Something was brought to H, Harriot, to ask her opinion, and getting behind her chair, I put my head down as close to hers as I dared You can just feel it, can't you? And felt the warmth of her person on my face, while thus her head moved slowly towards me, and she rested on me.
I felt half mad.
The Sunday following, for half an hour we were alone together, and then she said she loved me.
Oh, gosh, it's so lovely.
- So it happened.
- It happened.
Can you imagine how lovely for him as well, she loves me.
We should just stop the programme now.
I don't want to hear anything bad about Harriot.
- So what happened next? - They got married.
And would you like to see a photograph? You're kidding? Oh, I might cry Oh, after all this time.
- Have you seen this photograph? - Oh, my goodness.
That's them.
- Yes.
- Oh, my word.
At the time of marriage, they were both 31.
Found love.
That's Harriot.
She's lovely, isn't she? And I think you can really see that she's mixed parentage.
Yes.
It is undeniable that she was partly Indian, yes.
- You see it? - Yes, yes.
The colour of the hair, and the eyes.
Oh, my God.
I can't believe there's a photograph of her.
So they got married.
- And what happens to them next? - You come with me.
- I'll help you with that.
- OK.
Where are we going? - More surprises coming.
- Oh, so exciting, it's too much.
Following their marriage in September 1838, Harriot and Charles returned to India, where Charles continued his career in the Army.
On their arrival in Calcutta, they embarked on a journey upriver.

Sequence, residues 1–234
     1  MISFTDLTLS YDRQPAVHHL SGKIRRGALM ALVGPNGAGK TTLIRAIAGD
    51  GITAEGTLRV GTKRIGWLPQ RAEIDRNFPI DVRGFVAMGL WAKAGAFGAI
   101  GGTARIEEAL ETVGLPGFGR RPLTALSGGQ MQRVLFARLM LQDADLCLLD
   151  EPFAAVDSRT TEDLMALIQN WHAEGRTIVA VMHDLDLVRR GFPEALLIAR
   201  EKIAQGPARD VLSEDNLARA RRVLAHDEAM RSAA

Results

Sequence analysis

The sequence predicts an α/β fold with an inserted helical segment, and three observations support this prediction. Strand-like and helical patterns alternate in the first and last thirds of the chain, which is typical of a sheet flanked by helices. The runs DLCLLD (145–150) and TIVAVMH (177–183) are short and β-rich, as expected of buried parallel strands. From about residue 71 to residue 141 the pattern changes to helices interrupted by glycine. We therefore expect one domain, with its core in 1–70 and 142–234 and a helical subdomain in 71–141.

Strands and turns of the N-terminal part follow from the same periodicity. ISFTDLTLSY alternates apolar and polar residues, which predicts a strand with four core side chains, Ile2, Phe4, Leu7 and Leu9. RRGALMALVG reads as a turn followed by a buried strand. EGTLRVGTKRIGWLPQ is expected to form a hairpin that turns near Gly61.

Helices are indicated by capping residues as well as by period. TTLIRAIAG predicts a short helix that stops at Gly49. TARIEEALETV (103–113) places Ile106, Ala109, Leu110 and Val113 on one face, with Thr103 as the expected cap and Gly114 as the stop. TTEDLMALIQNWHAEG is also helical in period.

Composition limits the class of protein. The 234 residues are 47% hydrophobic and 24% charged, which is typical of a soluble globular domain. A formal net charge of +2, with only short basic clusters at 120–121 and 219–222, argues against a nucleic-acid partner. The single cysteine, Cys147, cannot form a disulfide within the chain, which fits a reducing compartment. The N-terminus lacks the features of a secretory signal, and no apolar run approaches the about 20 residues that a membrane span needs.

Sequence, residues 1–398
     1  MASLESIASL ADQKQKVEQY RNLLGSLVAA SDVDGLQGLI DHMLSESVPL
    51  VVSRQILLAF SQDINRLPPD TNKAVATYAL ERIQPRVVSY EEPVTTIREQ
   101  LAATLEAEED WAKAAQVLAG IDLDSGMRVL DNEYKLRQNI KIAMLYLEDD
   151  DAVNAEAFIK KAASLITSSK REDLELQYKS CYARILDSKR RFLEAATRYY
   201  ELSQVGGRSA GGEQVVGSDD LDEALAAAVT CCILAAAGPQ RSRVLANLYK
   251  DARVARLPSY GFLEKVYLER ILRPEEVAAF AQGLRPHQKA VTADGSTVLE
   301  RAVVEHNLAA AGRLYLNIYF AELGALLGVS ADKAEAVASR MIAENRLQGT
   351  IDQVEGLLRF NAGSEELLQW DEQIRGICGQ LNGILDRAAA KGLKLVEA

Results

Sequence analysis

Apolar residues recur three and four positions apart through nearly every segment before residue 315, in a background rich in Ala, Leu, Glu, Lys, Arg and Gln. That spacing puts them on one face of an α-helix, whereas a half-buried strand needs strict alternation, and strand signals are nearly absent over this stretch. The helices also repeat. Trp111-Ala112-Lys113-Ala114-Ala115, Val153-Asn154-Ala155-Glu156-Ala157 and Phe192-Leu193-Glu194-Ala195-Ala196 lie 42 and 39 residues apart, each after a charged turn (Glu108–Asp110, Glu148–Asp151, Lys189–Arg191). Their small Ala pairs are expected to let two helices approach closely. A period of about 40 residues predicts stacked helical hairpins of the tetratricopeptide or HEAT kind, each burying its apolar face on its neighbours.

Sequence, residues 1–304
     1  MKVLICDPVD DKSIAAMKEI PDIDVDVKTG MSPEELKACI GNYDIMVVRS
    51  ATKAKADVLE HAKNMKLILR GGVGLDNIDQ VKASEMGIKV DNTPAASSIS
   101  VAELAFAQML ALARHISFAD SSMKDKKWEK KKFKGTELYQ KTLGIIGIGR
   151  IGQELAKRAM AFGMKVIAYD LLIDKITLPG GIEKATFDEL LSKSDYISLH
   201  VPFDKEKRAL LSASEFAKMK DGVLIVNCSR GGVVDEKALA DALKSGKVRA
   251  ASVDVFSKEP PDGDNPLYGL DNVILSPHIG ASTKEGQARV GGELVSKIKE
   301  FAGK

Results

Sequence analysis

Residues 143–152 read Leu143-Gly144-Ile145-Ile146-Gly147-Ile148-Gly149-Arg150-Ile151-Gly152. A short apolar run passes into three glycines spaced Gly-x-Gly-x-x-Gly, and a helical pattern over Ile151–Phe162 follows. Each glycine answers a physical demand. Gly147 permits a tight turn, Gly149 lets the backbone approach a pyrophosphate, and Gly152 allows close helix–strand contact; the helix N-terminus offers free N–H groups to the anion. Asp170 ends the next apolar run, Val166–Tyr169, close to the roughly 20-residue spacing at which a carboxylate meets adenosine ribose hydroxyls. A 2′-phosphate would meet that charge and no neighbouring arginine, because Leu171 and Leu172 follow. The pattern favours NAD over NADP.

Charles once again wrote to his brother.
September 21st, 1839.
- So this is - About a year.
A year or so after they get married, OK.
My dear Richard, after a long, very long Er - That will help you.
- Brilliant.
A friend and school fellow of Harriot's, who is married to the surgeon at the civil station, has asked her to be confined there - OK.
- Now you understand why? So she's having a baby.
- Yes.
- Oh, how lovely.
And now, if you come to the end of the letter.
- Yes? - You will notice a change in the handwriting.
I must add a few lines to my dear Charles's letter to say what he has omitted, that we are, by the mercy of our God, both quite well - So is Harriot writing this now? - Yes.
That's sweet, that they're reading over each other's shoulders.
I feel most thankful we have left Calcutta, as whilst we were there, preparing for our river trip, my dear husband underwent a great deal of exposure, which made me rather anxious.
So she was really worried hat she was going to lose him.
- Really worried, yes.
- Because the experience she has had, through all of the awful things that had happened to her, everyone has - She's lost everyone.
- Yes.
So, was the baby all right, delivered safely? - Yes, it was safe and sound.
- Oh, good.
Richard Bazett, son of Charles Young Bazett and Harriot, his wife, was baptised at Krishnanagar.
These are the successive children that they had.
Mary Bazett, baptised 1845, Kurnaul.
Which is in Punjab.
Charles Bazett.
India, again.
And Fanny Bazett, 12th of August 1849.
- In Mhow.
One, two, three, four.
Oh, how lovely.
So they stayed in India? - Yes.
- Had all of their children there.
But I think they were enjoying a big family.
Because Harriot didn't have much of a family.
She's been on her own, all this time.
Now she's found someone she loves, who loves her back.